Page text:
In addition to storing the node information, the grid also has shared a DataTable. This table is simply an array of
SensorName data structure (shown in Figure 3b). A SensorName element contains the physical to logical mapping for
a given sensor in the grid (see Table 1).
Unlike the NodeTable that has only 255 elements, the number of elements in the DataTable can be very large
(255*144=36720) where 255 is the number of maximum nodes in the grid and 144 is the maximum I/O channels each
node can potentially have. Because of its large size, the DataTable is a true DHT: i.e. information contained in this
table is distributed among nodes, such that no one node in the grid has a complete table in its memory, but the system as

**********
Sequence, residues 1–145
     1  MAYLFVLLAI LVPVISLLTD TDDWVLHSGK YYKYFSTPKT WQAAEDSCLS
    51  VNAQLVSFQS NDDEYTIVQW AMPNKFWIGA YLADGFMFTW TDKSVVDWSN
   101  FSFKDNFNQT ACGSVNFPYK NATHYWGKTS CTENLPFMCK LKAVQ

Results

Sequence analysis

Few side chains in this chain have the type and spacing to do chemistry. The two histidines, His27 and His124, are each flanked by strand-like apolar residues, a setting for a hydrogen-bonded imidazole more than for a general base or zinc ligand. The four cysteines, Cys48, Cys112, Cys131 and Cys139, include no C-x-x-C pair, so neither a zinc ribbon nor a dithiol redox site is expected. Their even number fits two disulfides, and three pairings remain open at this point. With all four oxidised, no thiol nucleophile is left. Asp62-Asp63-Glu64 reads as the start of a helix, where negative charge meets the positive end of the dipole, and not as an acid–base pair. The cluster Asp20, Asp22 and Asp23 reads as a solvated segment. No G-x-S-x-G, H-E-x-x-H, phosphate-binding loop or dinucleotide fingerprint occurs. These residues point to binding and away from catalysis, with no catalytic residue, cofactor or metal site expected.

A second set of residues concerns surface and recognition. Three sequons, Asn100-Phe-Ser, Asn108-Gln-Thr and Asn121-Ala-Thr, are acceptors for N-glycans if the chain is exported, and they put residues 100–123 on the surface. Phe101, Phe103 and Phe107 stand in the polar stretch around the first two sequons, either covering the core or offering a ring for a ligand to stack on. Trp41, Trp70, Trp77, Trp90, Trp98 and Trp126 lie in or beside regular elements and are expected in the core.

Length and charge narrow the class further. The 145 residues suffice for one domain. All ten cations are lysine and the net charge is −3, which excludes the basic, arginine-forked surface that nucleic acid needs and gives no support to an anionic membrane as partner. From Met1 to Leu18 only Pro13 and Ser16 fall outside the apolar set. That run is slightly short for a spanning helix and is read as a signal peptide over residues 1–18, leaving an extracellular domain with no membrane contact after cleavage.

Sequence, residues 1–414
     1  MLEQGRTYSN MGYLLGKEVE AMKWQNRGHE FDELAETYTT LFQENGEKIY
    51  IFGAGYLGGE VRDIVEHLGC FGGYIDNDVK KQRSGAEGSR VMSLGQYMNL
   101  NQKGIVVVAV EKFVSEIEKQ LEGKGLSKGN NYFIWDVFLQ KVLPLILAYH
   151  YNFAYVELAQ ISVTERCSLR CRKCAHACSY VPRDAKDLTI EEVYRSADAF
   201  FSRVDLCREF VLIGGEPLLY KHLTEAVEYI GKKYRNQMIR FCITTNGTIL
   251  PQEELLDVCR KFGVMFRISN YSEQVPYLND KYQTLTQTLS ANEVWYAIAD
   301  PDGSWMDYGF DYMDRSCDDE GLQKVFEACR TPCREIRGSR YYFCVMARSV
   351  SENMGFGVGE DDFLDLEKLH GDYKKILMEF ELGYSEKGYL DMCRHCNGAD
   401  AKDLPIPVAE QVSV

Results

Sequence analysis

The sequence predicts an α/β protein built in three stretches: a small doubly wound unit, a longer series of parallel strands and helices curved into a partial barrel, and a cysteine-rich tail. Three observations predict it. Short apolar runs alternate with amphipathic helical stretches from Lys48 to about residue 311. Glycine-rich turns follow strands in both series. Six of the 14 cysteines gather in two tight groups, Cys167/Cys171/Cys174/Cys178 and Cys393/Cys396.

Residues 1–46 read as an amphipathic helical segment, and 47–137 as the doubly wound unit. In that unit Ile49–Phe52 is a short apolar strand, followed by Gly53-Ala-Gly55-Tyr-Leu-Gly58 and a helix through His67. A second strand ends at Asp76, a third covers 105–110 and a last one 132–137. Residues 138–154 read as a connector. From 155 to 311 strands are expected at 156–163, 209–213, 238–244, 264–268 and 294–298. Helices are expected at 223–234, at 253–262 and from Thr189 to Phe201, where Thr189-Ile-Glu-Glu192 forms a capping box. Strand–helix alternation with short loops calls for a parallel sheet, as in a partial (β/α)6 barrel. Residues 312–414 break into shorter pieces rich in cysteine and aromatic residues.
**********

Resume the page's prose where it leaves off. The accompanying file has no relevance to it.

a whole has the complete table that can easily be accessed by each peer node.
The NodeTable and the DataTable comprise the common knowledge that each peer in the grid system has access to.
Details of how this common knowledge is created and shared are given in a later section.
Communication Among Nodes
The peer nodes communicate with each other via message passing. UDP is used as the underlying network protocol.
Most communication among nodes is point to point. However, some messages use UDP broadcast and are sent to all
Table 2 gives a list of message types defined and implemented for this P2P system. Several other messages can be added
to the grid system, such as Read, Write, or Heartbeat, which will mostly need point-to-point communication.
Message Type Uses Broadcast?...